Dvar Torah from Rabbi Saul I. Grife
"Enacting the Law Justly - Not as Easy as it Seems!"
Parshat HaShavuah, the Torah reading this week is Mishpatim, from Sefer Shemot, the Book of Exodus 21:1 - 24:18. "Mishpatim" means "laws", referring to the 603 mitzvot or commandments that comprise the Torah beside the Aseret HaDibrot, the famous 10 that were revealed last week in Parshat Yitro to Moshe on Mt. Sinai. The parsha begins...
Vi'ayleh HaMishpatim asher taseem lifnayhem... And these are the laws that you shall set before them.
Several key lessons are learned from this opening short pasuk, or verse. One, the use of the prefix "Vav" in the first word means "and". The question is asked, "How can the parsha begin with the conjunctive "and" when nothing precedes it? The answer teaches us that the "and" connects all the laws that are to follow with the 10 Commandments and an additional 3 that were enumerated last week. Also, the "and" answers the question of skeptics who doubt that the other 603 enjoy an equal status with the first 10. Traditionally, the use of "and" points out that all 613 commandments in the Torah are to be understood as occupying a primary status of importance, that is, the observance of the 603 is as critical and essential to Jewish living as the famous 10. Jews can be divided into 2 camps: those who follow every mitzvah unconditionally whether they understand them or like them or not... and much of the liberal Jewish world who identifies themselves by picking and choosing the mitzvot they will follow or not with no pretense or apology. I am thrilled that both these options are available to the Jewish people, because each resonates so strongly with millions of Jews and allows us all to find a home under the Jewish rubric. If one of these options disappeared, probably so too would lots of practicing and identifying Jews. One of the greatest strengths of the Jewish traditions is that it has allowed so many different kinds of Jews to connect, be included and identify proudly with their heritage.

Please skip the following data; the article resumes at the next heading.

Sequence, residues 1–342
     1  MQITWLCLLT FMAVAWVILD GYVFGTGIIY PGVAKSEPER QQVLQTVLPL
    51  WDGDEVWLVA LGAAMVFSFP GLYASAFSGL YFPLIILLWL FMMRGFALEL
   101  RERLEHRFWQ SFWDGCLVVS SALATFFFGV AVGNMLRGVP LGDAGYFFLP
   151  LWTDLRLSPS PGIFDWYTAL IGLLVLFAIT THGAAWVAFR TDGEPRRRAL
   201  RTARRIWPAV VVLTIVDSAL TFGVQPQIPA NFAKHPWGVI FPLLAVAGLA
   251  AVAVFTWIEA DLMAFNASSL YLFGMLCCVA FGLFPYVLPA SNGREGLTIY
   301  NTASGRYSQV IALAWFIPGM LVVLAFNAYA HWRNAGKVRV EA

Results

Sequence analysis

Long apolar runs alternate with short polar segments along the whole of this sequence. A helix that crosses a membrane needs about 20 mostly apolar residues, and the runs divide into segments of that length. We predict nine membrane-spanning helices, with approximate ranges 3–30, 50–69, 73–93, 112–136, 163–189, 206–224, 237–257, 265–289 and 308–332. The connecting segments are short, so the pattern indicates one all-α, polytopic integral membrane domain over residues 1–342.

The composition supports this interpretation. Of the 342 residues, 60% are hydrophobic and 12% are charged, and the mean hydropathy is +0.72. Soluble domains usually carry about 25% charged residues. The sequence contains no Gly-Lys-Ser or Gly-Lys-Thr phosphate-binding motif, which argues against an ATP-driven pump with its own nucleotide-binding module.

Kayn Yirbu... may this always be!!
Exodus 21:12 states...
HaMakeh Ish Va'Met, Mot Yumat... One who fatally strikes a man shall be put to death.
What does this mean? How is it interpreted? What are the practical issues involved?
At first glance, this decree offers a pronouncement that creates justice. Just a few verses later the Torah states...
Ayin tachat ayin, shayn tachat shayn... An eye for an eye, a tooth for a tooth. (Exodus 21:24...)
What is fair is fair. What is equal is equal. What you take you lose. On one hand, it certainly seems just that if one takes a life one forfeits one's life in return. After all, Deuteronomy 16:20 teaches...
Tzedek Tzedek Tirdof... Justice and righteousness you shall pursue!
Pursuing and attaining justice lies at the heart of Judaism. But... both Jewish and American law understand that exacting the death penalty to one who has killed another is not a simple matter.
Both legal systems suggest different punishments for Murder 1, Murder 2, manslaughter and self-defense. One guilty of pre-meditated murder will earn a different punishment than one who killed someone in self-defense. It can be argued that as the Torah says, in both cases, a life has been lost so the punishment should be the same. But the circumstances associated with the act are taken into consideration and the punishments (or lack thereof) are carefully measured. One of the lessons we learn here is that the written word of the Torah demands further interpretation if true justice is to be obtained. Rabbinic Judaism and American law never considered that one who is found guilty of pre-meditated murder should suffer the same consequences as one who killed an attacker in self-defense. This was never understood to be just. Yet, the Torah simply states, "kill someone, you shall be put to death". The birth and development of the Oral Law that accompanies the Written Law was deemed to be a great advancement in not only helping us to understand the true nature of the words of Torah but also how to promote greater justice amongst ourselves in this world!
This Shabbat morning we gather for our monthly Torah study at 9:00 for one-half hour before shul begins at 9:30. We will take a look at both last week's parsha of Yitro as well as this week's parsha of Mishpatim to talk about Revelation, Law and Leadership. I look forward to sharing with you some thoughts form the esteemed Rabbi Jonathan Sachs as a part of our conversation. I look forward to seeing you Shabbat morning!
Last week's Shabbaton in the woods was a great success for the sold-out crew that came to celebrate Shabbat, create a stronger all-embracing community and have a lot of fun! Yasher Koach to all that planned it, contributed to it and attended it!
Shabbat Shalom to all!